The status of a McKenzie Friend was first recognised in Collier v Hicks [1831] 2 B & Ad.663. Lord Tenterden C J said at p669:

"Any person, whether he be a professional man or not, may attend as a friend of either party, may take notes, may quietly make suggestions, and give advice; but no-one can demand to take part in the proceedings as an advocate, contrary to the regulations of the Court as settled by the discretion of the Justices."


Although obiter, the statement by the Lord Chief Justice was unequivocal: any person may attend as a friend and may take notes and make suggestions. The title of "McKenzie Friend" emerged following the decision of the Court of Appeal in McKenzie v McKenzie [1971] P33. Mr McKenzie was a litigant in person who wished to be assisted by a young Australian barrister, gratuitously, in the conduct of his case by sitting beside the husband in Court and prompting him. The hearing was in open Court. The friend's conduct attracted the attention of the Judge who intimated that he should desist whereupon the barrister left the Court. The Judge dismissed the husband's petition but granted the wife a decree nisi. The Court of Appeal decided that the Learned Judge was in error. Every party had the right to have a friend present in court beside him/her to assist by prompting, taking notes and quietly giving advice. By reason of the Judge's intervention the husband had been deprived of that right and, therefore, there had been an irregularity in the proceedings. In reaching their conclusion Davies LJ and Sachs LJ cited Lord Tenterden's dictum and applied the principle. Karminski LJ concurred.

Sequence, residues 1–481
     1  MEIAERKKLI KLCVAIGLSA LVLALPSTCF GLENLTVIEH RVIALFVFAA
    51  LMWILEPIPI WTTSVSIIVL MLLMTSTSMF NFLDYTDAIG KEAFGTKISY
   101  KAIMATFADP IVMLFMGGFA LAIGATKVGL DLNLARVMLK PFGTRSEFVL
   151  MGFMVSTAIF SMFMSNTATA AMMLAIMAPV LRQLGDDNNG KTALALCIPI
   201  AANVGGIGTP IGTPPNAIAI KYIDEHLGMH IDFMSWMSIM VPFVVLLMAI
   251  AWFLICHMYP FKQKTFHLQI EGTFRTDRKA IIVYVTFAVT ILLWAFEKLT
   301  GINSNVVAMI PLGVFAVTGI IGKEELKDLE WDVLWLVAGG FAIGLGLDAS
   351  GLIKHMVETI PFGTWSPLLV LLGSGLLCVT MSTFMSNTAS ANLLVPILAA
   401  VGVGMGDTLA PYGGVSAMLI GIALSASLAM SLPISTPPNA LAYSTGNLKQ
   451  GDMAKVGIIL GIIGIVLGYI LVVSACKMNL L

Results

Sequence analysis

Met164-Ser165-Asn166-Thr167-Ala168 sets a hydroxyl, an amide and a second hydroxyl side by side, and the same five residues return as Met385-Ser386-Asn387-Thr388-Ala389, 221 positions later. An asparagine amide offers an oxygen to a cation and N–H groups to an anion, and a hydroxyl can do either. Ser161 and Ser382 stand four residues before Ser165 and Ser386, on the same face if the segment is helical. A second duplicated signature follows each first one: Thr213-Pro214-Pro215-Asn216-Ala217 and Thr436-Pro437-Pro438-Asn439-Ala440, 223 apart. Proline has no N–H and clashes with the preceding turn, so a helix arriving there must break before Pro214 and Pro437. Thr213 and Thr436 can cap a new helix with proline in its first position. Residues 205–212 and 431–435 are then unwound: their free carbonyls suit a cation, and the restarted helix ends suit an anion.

In Re G (A Minor) (unreported 10 July 1991) (Court of Appeal Transcript No. 679/1991) a LIP appeared in wardship proceedings in chambers. The Judge took the view that the proceedings were of a highly confidential nature and that it was unnecessary for the LIP to have a McKenzie Friend. The particular McKenzie Friend was a qualified solicitor who had full knowledge of the case, having read the papers beforehand. He was to be remunerated for his services. He did not put himself on the record. The Court of Appeal dismissed the LIP's appeal. Parker LJ said at 2H:

"In the present case the proceedings are in Chambers and in my judgment it must be a matter for the judge to have control over whom he permits to remain in a Chambers' proceeding. There are, no doubt, many cases in which a judge will find it proper to exercise his discretion in favour of allowing a McKenzie Friend to be in Chambers and he should and will naturally view any application in that behalf with sympathy, as I have no doubt the learned judge did in this case, but, save in exceptional cases, it would be quite wrong for this court to interfere with the decision of a learned judge as to the persons whom he will allow to be present in a Chambers' matter."